Our second home was another old farmhouse, this time on an acreage outside the city near a small town whose name translated to 'Little Field'. It was quite idyllic living there, an abundance of garden vegetables with cantaloupes that grew the size of basketballs and watermelons triple that. It was where I learned to can tomatoes, pickles, salsa and jam.
Our third home was in Alberta, in Airdrie, named after a Scottish community and Gaelic for 'King's Heights'. It looked like a tiny cottage, which I loved, but once inside it seemed to keep going. Plus it was surrounded by Nose Creek and the park so we had plenty of wildlife around us...hawks, foxes, herons, mallards, muskrats, the occasional beaver...and our yard was massive. Plus, this was where we had our second daughter. Very special memories.
Now all that's left is to paint our current home...probably my favorite of the bunch. I have noticed that each of our homes looked a bit like English cottages, which is interesting to me as I'm always drawn to British programming and design...over-stuffed leather chairs, book cases crammed with reading material, and over-grown gardens. And here I've always believed I wanted to live in a log cabin. Hmmm...very interesting.
in·spi·ra·tion noun \ˌin(t)-spə-ˈrā-shən, -(ˌ)spi-\ .
Last weekend as I was sitting in church I kept thinking how fortunate I am to be living in North America, where I have the opportunity to not only survive but to thrive. We get to pick and choose what it is we do daily, to select the food we get to eat, the clothes we get to wear, and yet the human condition is that we all struggle. If not for just basic survival, then to find our place in this world. To discover that thing that makes our hearts sing.
I had the most wonderful conversation yesterday, about empowerment and how that comes from taking a small step, sometimes by just being brave enough to ask a simple question. Two years ago when I submitted a query to Cloth Paper Scissors magazine I really didn't expect immediate acceptance, and yet from that stemmed several other articles until the most recent request to write for Artful Blogging magazine, which has already led to two more articles. And I realized, that this has nothing to do with marketing or selling myself but rather to do with following that thing inside that leads me to create art and to write about it. It just clicks for me.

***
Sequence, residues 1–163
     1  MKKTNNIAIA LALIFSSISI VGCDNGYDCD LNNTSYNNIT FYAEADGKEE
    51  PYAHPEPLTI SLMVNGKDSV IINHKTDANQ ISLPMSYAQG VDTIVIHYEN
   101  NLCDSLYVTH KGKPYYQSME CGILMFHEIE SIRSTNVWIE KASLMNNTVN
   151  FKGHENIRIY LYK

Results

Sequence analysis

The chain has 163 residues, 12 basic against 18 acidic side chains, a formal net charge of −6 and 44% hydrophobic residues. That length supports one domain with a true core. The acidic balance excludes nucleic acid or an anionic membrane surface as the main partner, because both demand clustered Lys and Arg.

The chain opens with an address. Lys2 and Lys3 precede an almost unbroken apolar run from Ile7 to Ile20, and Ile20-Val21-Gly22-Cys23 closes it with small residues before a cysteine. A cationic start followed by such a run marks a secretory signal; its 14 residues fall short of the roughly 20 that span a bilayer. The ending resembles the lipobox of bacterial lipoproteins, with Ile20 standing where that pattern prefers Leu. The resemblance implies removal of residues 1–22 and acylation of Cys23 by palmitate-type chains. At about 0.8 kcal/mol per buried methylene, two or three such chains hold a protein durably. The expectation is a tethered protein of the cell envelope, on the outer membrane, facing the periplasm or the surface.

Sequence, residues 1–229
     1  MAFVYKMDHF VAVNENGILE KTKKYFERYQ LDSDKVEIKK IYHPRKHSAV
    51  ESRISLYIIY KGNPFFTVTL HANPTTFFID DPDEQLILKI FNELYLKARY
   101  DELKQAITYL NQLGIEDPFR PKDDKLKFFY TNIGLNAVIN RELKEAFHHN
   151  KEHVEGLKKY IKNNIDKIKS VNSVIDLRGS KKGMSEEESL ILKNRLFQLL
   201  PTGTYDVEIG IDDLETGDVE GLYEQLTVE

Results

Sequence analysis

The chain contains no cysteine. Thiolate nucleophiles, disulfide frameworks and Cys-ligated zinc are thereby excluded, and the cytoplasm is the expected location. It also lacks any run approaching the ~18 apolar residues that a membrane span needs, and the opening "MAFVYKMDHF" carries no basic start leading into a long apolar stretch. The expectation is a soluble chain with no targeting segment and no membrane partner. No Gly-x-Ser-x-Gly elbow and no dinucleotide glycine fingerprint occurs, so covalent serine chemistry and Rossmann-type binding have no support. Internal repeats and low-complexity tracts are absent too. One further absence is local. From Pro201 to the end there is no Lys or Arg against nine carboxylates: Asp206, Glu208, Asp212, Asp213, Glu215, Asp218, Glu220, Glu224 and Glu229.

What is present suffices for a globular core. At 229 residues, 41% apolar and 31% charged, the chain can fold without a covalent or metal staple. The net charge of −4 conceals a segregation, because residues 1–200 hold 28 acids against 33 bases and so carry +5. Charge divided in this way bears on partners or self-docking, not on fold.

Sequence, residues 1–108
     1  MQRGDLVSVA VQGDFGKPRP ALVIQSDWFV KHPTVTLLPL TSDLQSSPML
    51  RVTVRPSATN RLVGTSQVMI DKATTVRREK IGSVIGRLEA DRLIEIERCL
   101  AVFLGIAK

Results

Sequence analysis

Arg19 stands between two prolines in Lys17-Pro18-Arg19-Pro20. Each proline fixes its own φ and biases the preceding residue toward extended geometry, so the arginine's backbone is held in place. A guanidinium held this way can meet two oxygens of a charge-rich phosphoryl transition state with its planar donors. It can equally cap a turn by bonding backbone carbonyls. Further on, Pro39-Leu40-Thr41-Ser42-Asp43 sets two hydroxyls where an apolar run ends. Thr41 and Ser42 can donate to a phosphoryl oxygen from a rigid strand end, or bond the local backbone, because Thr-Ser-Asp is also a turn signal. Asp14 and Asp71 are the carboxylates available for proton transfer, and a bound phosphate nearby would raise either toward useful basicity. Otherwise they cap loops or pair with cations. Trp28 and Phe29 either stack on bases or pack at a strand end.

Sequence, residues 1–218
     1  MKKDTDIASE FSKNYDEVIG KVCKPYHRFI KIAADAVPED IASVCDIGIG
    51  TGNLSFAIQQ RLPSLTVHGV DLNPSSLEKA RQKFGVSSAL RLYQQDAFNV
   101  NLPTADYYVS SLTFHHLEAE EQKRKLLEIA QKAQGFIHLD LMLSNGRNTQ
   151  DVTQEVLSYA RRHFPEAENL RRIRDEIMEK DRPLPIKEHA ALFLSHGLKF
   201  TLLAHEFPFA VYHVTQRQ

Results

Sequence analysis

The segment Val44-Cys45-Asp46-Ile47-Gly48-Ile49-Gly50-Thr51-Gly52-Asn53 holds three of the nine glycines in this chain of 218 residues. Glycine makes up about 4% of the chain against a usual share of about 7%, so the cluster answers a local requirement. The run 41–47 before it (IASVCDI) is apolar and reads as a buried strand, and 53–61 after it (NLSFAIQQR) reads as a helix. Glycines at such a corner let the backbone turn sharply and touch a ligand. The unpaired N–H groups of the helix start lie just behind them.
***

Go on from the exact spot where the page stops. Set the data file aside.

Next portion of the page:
Words and art have both always been important to me. I remember when I was growing up I never felt like I had anything to contribute but my art and English teachers felt otherwise...thank goodness for the encouragement of those teachers. But I also often felt that painting felt like a selfish act - I wasn't creating something that could physically help someone else.
Thankfully, that feeling has shifted as I hear from patrons who live with what I create and I learn how much my work affects them, inspires them, and touches them deeply. And I hope that the articles I write will inspire someone to create something for themselves or to share with others because what I get to do is such a blessing for me, it heals me, and hearing from others inspires me, too.
The word, inspiration, comes from the Latin root inspiro meaning 'breath of God'. It's how I feel every time I pick up a paintbrush or pencil. I'm often surprised by the results and though I know my work isn't like someone else's, which really is a good thing but I sometimes get caught up in comparison, I am so grateful for daily inspiration.
So as I face challenges in other areas of my life, I know how wonderful it is to spend time in my studio or outdoors and to breath in inspiration. To allow experimentation and play and to breath out any anxiety. It really is a good idea.
In spite of the weather we had a wonderful weekend...picked up a few treats at Michael's, perused some fantastic art books at Indigo for inspiration (planning for a new year-long project), spent the afternoon in Cochrane beginning with a lovely Yak tea (market spice tea latte) at Coffee Traders and culminating with a visit to Tyrell Clarke's new gallery.
Plus, a project I've been working on is finally coming to fruition...it's been one of those 'oh it looks great...never mind' kind of processes. That seems to happen a lot. Especially when I'm specifically working on something to share. That's the kind of thing that I hope to communicate whenever I teach, that everything has its ups and downs. That even artists who have been creating for years experience challenges. And that each layer adds to the final product. Trust the old adage of 'never give up'
Anyway, I'm excited to play with the Liquitex spray paint and happy to finally get a Liquitex free-style paintbrush for adding large washes of colour. Already tried it and it feels terrific in my hand. The bristles are both flexible and firm, just the way I like it.
The Naked Leaf is a wonderful tea shop in Kensington in Calgary and I'm excited to share two of the tea tin labels that feature my work. Not only do they carry the most wonderful teas, they also have sweet or savory scones which they serve daily. A perfect place to warm up by the fireplace, enjoy a pot of tea and a delicious snack.
AIRdirondack Art Project
Alberta (above) +